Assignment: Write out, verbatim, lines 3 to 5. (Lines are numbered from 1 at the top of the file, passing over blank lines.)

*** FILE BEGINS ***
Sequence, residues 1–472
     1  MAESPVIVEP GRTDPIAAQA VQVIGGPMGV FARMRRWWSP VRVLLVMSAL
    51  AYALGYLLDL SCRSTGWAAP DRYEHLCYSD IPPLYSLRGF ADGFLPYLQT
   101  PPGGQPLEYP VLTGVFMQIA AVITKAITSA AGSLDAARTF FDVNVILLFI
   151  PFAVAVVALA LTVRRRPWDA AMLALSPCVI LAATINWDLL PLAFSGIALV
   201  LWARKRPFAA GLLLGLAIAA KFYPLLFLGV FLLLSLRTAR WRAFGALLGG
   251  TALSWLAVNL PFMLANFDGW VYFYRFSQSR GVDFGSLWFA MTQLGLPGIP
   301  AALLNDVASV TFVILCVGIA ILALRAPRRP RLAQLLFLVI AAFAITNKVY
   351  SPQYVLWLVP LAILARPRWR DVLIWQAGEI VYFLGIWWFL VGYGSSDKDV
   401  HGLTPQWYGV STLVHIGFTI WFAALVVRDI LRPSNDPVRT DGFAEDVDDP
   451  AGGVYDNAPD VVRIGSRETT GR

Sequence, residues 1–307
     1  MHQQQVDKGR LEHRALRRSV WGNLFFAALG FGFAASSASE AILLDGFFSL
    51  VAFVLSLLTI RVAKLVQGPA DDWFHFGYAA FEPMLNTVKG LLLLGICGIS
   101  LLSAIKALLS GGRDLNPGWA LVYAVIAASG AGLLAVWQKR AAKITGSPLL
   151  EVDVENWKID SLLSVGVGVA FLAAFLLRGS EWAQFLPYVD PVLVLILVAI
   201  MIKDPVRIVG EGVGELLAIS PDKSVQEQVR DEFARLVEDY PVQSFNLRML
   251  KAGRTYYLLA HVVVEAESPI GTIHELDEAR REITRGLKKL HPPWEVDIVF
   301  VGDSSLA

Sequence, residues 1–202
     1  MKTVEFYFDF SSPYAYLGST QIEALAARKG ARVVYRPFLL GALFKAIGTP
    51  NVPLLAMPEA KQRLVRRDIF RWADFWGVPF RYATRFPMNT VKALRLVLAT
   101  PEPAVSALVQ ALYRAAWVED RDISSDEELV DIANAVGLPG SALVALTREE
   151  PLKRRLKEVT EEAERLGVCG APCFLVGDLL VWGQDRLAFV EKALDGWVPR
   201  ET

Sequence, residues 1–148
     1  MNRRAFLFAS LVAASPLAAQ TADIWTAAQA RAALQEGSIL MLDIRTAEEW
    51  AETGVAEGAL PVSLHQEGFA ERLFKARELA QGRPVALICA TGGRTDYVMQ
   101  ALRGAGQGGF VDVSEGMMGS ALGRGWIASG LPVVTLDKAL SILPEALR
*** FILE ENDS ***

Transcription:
    51  AYALGYLLDL SCRSTGWAAP DRYEHLCYSD IPPLYSLRGF ADGFLPYLQT
   101  PPGGQPLEYP VLTGVFMQIA AVITKAITSA AGSLDAARTF FDVNVILLFI
   151  PFAVAVVALA LTVRRRPWDA AMLALSPCVI LAATINWDLL PLAFSGIALV